A journalism lecturer has called for a national week of “wall-to-wall court coverage” to highlight the difficulty regional journalists face in covering courts.
Last year former Labour shadow minister Mary Creagh and Thames Valley police and crime commissioner Anthony Stansfeld were among those to warn of the impact on the regional press after plans were announced to close 86 courts across the country.
In a piece on his personal blog, Paul noted that Cheltenham Magistrates, which he recently visited with his students, is now the only court of its kind in Gloucestershire.
He wrote: “The closure of courts doesn’t just put more miles between a population and the place where justice is done in its name; it also makes it even more difficult for journalists to cover the criminal justice system in action.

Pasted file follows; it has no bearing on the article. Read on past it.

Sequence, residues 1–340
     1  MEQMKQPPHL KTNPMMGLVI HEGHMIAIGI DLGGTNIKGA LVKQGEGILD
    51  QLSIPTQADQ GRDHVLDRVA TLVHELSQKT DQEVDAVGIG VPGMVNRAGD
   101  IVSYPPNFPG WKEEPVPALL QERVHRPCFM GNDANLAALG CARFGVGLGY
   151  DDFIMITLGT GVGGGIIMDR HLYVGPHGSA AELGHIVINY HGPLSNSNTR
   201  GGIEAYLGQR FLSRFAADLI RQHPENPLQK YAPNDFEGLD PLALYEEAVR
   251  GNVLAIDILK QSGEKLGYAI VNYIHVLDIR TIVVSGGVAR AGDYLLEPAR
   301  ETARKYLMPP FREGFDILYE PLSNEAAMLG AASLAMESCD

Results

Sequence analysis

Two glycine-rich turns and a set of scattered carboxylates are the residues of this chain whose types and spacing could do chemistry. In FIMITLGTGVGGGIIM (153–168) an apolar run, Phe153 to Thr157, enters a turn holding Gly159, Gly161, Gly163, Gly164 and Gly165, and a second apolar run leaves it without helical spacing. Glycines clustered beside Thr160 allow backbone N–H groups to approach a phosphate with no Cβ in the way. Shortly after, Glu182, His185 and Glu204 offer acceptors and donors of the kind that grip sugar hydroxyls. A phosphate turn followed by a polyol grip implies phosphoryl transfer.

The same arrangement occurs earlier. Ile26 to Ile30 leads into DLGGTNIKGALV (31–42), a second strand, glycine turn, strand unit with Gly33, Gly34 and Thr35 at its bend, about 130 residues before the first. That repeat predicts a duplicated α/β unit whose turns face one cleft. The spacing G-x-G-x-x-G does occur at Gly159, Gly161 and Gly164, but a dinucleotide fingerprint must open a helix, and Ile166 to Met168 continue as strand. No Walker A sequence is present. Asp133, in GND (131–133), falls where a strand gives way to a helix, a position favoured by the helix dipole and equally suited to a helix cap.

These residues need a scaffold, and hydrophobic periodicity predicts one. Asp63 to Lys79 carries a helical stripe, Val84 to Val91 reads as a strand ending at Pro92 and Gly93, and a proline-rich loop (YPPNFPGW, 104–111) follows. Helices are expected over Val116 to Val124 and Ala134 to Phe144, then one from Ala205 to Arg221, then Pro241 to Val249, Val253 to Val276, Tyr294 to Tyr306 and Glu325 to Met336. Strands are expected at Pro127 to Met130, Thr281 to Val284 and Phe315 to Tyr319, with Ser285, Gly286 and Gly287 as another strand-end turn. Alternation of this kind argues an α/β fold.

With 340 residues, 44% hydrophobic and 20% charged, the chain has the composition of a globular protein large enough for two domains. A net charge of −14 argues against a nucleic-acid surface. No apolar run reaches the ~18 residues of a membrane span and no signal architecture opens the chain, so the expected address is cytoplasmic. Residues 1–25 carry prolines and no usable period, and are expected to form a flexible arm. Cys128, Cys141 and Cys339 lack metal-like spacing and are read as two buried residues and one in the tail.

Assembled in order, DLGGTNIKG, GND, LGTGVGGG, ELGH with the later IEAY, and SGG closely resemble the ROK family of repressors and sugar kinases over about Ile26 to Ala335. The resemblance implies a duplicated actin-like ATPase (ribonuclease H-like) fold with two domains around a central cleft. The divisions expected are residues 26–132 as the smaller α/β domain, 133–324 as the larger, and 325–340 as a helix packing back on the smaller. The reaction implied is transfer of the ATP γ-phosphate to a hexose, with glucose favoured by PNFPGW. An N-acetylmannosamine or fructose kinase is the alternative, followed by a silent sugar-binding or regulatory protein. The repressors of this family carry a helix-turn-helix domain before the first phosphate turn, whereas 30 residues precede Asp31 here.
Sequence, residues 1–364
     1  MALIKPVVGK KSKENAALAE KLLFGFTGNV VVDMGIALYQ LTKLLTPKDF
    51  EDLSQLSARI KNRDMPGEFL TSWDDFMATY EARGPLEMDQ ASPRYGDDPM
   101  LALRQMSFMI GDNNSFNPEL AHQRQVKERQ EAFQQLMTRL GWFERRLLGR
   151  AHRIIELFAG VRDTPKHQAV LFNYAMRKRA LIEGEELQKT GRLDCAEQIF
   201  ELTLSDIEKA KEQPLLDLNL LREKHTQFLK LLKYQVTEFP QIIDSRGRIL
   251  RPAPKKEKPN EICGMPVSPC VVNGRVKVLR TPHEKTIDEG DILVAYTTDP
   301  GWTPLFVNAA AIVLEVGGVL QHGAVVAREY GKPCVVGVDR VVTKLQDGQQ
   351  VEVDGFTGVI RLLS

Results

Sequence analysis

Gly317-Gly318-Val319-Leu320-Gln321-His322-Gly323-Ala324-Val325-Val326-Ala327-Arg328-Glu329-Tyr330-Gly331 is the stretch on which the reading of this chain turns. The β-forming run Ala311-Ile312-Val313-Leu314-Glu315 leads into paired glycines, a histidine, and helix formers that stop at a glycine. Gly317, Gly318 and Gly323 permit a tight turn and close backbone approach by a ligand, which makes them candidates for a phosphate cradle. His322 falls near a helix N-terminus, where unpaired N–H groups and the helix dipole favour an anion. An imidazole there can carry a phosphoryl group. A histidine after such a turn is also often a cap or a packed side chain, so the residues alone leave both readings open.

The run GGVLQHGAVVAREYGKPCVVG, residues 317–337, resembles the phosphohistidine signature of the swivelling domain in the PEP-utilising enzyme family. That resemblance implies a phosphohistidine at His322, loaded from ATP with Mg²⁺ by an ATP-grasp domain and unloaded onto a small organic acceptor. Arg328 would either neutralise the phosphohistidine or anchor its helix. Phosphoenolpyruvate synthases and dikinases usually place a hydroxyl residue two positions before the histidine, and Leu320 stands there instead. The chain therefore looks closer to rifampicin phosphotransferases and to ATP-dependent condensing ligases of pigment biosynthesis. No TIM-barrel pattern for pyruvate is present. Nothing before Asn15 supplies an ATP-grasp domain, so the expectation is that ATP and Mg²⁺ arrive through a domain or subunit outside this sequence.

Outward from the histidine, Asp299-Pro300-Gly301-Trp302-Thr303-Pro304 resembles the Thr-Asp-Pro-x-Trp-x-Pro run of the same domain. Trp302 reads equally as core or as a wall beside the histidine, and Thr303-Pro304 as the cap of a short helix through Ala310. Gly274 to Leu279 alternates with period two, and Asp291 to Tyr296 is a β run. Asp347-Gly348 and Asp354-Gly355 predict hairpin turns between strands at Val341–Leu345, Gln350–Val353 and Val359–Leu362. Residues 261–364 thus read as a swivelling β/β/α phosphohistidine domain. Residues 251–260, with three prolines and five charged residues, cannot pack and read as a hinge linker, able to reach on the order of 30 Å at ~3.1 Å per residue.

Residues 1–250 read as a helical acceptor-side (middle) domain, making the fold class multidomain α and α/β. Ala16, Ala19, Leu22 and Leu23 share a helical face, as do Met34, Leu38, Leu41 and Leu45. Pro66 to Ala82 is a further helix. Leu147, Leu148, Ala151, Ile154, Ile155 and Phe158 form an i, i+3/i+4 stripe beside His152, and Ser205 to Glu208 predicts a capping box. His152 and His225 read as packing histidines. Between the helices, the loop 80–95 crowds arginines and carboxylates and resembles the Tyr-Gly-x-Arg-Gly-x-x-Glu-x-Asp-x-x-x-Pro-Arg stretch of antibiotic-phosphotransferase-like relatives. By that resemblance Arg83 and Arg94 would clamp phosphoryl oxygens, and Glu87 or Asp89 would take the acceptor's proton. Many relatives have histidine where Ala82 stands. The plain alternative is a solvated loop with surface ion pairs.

“There are pockets of great practice – my friend [Somerset Live court reporter] Laura Linham, [Bristol Post court reporter] Geoff Bennett, and initiatives like [Gloucestershire Live chief reporter] Ben Falconer’s live blog of a day at Cheltenham Mags, which became the best-read article on his website that day.
“There is a virtuous circle created when coverage is good. Regular reporters who take the trouble to oil the wheels of diplomacy with security guards, ushers and lawyers generally get treated well. But the occasional visitor can feel like an inconvenience at best.
“Which is a shame. We need light to be shone in the sometimes dark corners of the court system. All human life is there, for a start – with engaging stories at every turn.”
“I’d like to see a national week of wall-to-wall court coverage, where reporters pour into magistrates and crown courts up and down the land, writing stories, launching live blogs, challenging officials and the judiciary, and generally shining a light into dusty, fusty corners.”
Paul told HTFP: “Exercising your rights is a bit like exercising your muscles: unless you do it regularly, they are in danger of withering away.
“So a week of action would ensure that we keep the doors of justice open – and it might just prove the worth of court coverage to hard-pressed newsdesks.”